29 de octubre de 2014 / 5:03 / hace 3 años

Brazil set to hold interest rates ahead of policy changes

BRASILIA, Oct 29 (Reuters) - Brazil’s central bank will likely keep interest rates steady for a fourth straight time on Wednesday, holding its ground until President Dilma Rousseff announces changes to economic policy following her narrow re-election victory.

All 43 economists surveyed in a Reuters poll expect the central bank to keep its benchmark Selic rate unchanged at 11 percent.

After narrowly defeating centrist Senator Aecio Neves on Sunday, Rousseff has pledged to change her economic team and alter policies to turn around an economy that cost her support among Brazil’s middle class voters.

The central bank will likely stay put for now until those changes are unveiled, analysts say.

“(The bank board) will be looking to indications of changes in the economic policy mix, particularly changes on the fiscal side, which will impact their decision-making going forward,” said Blue Macellari, senior Latin America strategist for TD Securities in New York.

“The real question is whether the bank will have a more supportive fiscal environment.”

Markets are eagerly awaiting Rousseff’s nomination of a new finance minister. Whomever takes the job will face the daunting task of regaining the trust of investors worried about growing state intervention and the country’s financial health.

Rousseff is considering a former aide, her chief of staff and a businessman to replace Finance Minister Guido Mantega, who will step down at the start of her second four-year term on New Year’s day.

The most urgent task of her new team will be to staunch the bleeding in Brazil’s fiscal accounts to ward off the threat of a credit downgrade next year.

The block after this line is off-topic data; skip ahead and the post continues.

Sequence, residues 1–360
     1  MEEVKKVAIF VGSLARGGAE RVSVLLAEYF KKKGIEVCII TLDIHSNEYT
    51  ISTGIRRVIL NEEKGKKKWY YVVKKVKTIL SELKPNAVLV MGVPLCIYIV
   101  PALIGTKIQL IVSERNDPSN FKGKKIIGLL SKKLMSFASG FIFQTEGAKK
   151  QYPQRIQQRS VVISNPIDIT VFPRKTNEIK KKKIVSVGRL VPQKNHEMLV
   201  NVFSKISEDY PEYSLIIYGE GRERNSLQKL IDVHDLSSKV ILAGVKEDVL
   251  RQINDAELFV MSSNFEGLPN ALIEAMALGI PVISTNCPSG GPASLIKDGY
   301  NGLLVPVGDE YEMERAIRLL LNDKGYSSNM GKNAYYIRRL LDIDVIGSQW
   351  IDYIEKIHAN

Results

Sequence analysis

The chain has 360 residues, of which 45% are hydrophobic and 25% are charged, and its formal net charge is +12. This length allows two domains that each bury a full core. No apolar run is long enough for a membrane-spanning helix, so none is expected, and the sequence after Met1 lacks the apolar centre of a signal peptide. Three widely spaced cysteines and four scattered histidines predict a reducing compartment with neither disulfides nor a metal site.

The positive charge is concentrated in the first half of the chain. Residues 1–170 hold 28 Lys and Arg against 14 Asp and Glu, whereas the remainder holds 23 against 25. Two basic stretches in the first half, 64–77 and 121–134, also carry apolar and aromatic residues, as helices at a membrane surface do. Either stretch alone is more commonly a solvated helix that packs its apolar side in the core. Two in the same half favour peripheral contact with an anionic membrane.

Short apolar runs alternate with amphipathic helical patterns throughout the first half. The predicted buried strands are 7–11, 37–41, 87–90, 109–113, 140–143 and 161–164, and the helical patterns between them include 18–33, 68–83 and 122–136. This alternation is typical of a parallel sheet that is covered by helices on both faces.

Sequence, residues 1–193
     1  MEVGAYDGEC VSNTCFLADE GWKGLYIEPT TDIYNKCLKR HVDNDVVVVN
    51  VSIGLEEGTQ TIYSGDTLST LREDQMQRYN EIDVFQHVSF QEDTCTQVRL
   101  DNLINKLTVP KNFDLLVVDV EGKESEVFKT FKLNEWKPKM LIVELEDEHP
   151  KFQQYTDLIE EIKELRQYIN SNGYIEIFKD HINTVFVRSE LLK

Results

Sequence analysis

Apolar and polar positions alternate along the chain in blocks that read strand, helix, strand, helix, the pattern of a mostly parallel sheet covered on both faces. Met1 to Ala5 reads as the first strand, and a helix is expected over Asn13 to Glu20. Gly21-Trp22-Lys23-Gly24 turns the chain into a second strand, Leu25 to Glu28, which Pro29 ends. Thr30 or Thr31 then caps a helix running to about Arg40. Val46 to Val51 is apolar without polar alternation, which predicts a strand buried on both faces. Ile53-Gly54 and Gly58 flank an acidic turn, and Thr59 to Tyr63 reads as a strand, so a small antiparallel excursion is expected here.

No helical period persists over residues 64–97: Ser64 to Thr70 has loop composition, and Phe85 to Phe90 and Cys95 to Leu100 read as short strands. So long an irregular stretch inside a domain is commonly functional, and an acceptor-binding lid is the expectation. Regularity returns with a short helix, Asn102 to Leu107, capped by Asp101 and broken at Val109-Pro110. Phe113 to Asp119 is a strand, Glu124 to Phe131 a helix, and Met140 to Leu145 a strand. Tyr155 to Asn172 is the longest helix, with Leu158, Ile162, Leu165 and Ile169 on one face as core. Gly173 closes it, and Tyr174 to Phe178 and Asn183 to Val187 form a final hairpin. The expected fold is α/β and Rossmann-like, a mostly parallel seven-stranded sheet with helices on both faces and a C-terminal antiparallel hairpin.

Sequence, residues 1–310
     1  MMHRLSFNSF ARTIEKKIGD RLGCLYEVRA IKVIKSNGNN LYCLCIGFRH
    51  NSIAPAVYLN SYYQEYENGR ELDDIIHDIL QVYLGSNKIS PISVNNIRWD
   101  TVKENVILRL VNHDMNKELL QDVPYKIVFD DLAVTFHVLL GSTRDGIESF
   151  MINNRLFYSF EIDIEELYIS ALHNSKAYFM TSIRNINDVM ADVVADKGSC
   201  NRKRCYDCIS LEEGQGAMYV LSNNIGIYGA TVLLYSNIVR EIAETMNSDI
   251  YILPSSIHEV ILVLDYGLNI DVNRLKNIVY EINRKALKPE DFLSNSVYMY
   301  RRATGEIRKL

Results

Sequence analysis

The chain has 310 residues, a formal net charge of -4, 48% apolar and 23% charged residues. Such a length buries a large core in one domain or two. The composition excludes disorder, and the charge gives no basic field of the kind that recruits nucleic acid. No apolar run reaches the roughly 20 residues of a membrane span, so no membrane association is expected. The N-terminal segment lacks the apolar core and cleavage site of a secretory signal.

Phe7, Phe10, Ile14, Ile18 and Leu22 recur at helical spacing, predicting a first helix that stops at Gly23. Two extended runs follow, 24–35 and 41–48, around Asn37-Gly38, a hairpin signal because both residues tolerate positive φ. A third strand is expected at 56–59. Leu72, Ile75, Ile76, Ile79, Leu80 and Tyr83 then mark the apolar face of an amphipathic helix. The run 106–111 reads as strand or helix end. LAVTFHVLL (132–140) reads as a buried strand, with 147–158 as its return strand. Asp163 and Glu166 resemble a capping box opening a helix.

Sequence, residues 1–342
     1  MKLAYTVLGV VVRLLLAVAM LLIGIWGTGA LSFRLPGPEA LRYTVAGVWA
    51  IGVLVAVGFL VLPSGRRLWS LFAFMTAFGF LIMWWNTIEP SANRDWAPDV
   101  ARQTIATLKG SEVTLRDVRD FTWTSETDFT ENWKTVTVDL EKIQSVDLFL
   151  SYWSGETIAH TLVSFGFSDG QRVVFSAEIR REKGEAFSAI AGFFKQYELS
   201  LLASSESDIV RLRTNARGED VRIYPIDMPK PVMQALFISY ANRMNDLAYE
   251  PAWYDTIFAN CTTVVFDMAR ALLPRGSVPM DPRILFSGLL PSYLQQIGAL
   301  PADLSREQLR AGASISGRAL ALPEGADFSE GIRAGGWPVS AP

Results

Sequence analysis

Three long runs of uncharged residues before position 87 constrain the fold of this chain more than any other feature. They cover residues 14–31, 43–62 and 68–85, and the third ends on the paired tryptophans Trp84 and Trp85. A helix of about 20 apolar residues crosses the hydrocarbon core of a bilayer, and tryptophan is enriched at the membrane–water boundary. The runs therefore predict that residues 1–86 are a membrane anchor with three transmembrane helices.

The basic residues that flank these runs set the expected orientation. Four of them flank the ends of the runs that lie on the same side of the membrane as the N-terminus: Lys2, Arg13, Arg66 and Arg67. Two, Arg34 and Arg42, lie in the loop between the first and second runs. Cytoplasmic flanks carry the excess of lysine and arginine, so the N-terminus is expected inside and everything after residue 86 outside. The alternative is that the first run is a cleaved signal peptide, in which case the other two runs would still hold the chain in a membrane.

Less public spending in 2015 will ease inflationary pressure, allowing the central bank either to keep rates on hold for longer or opt for smaller rate increases.

Most analysts are betting that the central bank will have to raise rates next year to slow consumption further, which has pushed inflation above the 6.5 percent ceiling of the official target. The central bank aims to keep inflation at the center of the target, between 2.5 and 6.5 percent.

The sharp depreciation of the real, which has slipped more than 12 percent since September, is also adding to inflationary pressure. A weaker real increases the value of imports.

Central bank chief Alexandre Tombini has warned that the bank will not be complacent and that it is ready to resume a year-long tightening cycle if needed to bring down inflation. The bank forecasts inflation to stay high in the next two years, but gradually move back to the target’s center.

The central bank drastically cut rates to record lows in 2012, but was forced to raise them again following a spike in public expenditures and after a severe drought accelerated inflation.

“A promising approach to reducing inflation requires coordination of fiscal and monetary policies... For this reason, we believe rate hikes will come only after the president’s inauguration,” Santander economists said in a recent client note. (Reporting by Alonso Soto; Editing by Dan Grebler)

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